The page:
What a days work, it was a little to late to clear customs so we’ll be here another day and see what they say or want to do about blowing up the inverter.
okay, its only been 8 months since we have been in Trinidad and posted an update and it seems like forever since we have seen our blue water baby.
Lots has happened been accomplished. This year flew by, the summer was HOT, the winds in Corpus were strong, not as much Texas sailing as usual, but busy every weekend with something. However its finally time to go check on the Shack and put her back in the water.
We had Philippe @ Aikane Catamaran Village take care of her while we went back to work to earn some more vacation time to spend in the islands. Philippe and Karen were excellent to deal with from 2000+ miles away, always there to answer emails take a photo and send updates as projects neared completion. His knowledge of the Catana boats is astounding and very helpful/insightful in respect of items to keep an eye on.
We had a couple major things fixed/redone while on the hard in Trinidad. The biggest issue was after 10 years the plexiglass on the ‘flat’ windows had crazed. It was sorta like looking through broken glass. To add to that, all the flexing in the boat after ‘bashing’ across the Mediterranean and being 10 years old the ‘seals’ around the rest of the plexiglass needed to be redone as well. The flat windows were replaced with new ones, hot drapped and molded to fit their spots and the large tear drop windows resealed and the surround repainted. There were 2 other leaks that were identified and fixed as well, one in the owners shower and one in the starboard engine compartment where the seat / hull were joined, these were also sealed, with any luck all we’ll stay drier on the inside now.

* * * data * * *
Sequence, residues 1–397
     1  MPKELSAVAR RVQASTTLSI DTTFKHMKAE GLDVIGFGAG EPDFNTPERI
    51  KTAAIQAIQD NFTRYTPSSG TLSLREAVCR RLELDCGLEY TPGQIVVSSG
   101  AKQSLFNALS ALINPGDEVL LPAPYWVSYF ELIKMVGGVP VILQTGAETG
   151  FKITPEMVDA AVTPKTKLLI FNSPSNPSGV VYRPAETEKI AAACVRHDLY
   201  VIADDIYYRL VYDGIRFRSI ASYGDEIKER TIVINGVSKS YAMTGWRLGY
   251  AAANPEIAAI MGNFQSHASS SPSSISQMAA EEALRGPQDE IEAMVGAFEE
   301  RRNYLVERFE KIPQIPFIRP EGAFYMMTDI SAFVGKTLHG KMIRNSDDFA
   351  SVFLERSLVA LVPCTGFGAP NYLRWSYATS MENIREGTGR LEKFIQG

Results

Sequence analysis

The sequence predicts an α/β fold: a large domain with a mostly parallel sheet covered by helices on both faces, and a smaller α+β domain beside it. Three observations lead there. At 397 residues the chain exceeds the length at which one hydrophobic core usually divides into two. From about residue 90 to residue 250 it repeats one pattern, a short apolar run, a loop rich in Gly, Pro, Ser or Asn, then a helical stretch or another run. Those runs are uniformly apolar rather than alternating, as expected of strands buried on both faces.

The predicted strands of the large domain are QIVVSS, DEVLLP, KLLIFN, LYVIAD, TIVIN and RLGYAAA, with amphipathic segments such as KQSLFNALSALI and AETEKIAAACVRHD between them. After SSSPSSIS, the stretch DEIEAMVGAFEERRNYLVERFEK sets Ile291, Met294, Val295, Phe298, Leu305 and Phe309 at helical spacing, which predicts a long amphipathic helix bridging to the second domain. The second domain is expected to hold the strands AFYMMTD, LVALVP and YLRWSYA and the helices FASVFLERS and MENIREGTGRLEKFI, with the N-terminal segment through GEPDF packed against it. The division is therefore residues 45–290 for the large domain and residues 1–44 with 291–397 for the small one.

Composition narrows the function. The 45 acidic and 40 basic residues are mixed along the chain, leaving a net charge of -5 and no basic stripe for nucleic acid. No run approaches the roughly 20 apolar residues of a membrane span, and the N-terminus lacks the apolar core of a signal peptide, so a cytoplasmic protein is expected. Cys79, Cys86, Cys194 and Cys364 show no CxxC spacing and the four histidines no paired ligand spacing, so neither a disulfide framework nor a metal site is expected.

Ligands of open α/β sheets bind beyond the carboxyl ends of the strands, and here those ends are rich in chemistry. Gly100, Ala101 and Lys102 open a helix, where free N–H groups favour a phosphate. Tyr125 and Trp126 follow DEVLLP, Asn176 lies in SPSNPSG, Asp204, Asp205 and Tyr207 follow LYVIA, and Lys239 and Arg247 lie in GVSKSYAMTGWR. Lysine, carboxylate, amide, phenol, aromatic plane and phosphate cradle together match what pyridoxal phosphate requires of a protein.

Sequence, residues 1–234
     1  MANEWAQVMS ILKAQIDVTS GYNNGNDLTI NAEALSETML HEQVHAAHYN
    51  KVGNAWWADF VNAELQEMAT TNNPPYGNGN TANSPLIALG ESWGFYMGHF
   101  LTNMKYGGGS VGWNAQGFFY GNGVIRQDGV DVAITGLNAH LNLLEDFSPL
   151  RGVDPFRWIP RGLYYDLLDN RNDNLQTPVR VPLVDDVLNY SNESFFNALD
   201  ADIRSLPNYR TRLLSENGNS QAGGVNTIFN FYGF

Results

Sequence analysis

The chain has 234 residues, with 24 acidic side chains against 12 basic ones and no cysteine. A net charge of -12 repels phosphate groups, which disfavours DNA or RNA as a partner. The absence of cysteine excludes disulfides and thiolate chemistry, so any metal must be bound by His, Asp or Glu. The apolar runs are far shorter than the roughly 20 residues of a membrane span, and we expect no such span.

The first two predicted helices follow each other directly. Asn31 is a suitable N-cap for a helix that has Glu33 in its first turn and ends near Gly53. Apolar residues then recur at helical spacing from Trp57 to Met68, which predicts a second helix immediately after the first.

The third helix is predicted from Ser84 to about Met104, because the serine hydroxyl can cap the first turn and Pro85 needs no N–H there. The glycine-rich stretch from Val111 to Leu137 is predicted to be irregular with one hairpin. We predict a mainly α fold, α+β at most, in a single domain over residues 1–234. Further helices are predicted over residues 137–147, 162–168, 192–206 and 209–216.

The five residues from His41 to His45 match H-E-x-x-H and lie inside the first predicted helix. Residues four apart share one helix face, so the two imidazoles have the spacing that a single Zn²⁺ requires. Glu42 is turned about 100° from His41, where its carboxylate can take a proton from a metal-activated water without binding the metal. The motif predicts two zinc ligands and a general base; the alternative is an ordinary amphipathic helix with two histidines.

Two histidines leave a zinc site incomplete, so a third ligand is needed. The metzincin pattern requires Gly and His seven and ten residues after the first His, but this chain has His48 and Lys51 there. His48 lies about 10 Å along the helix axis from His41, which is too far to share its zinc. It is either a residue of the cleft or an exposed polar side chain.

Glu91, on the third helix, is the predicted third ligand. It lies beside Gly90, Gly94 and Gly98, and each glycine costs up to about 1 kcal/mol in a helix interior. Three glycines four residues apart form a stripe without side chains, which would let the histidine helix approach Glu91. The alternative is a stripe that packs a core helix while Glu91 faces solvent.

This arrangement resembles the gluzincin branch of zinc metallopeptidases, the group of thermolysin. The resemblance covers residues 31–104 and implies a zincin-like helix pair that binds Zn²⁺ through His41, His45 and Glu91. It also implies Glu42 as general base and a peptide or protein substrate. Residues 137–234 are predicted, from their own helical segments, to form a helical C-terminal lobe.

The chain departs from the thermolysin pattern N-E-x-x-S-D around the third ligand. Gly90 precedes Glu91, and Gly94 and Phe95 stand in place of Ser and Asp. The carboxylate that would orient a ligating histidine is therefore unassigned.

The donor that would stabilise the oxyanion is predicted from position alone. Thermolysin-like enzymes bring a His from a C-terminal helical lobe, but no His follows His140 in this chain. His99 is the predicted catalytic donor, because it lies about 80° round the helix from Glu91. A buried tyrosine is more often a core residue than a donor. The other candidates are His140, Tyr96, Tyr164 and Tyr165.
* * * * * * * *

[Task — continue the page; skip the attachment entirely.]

all back together
That alone would be enough to make every month worth it!
We also had some other work done some as preventative maintenance and others for just pure creature comfort and joy.
There was a some corrosion on the windlass, so we had that taken apart and gone through and repainted. A couple of other items were starting to show some signs of corrosion, as does a lot of things when exposed to the salt air. Philippe and crew went through both engines compartments and cleaned and repainted the items that were starting to show corrosion, and replacing the 10 year old raw water lines. Just like we replaced the Exhaust hoses in St. Lucia last April. We were going to have the Teak table and flooring replaced, but decided to wait till next year. Somewhere along the years I think the pressure washer was used on the teak and the 2 hatches in the cockpit and the transoms could use replacing at some point.
The dingy was stored inside the building and the starting batteries were taken out and kept on trickle chargers to keep them maintained, the house batteries should be fine with the 680 Watts of solar should keep the new (1 year old) Sonnenschein batteries fully charged, or at least that is the theory. The sail drives will have fresh anti-fouling applied as well.
We had the main sail washed by SocaSails . We tried and tried to get main sail washed in Turkey but they couldn’t figure out how to take it off. So again via email, Mark took charge and picked up the sail and had it washed as well as cutting us some new battens for the 2 that were shattered at some point in the past. No telling how long they had been broken as they stayed in the batten pockets and we only found them because we took the main sail off so that it wouldn’t get any more mildewing while stored in the rainy Trinidad during hurricane season. Still have to find Soca Sails and pay for their services when we get down there.
A few pictures of all the engine pieces that were removed and repainted.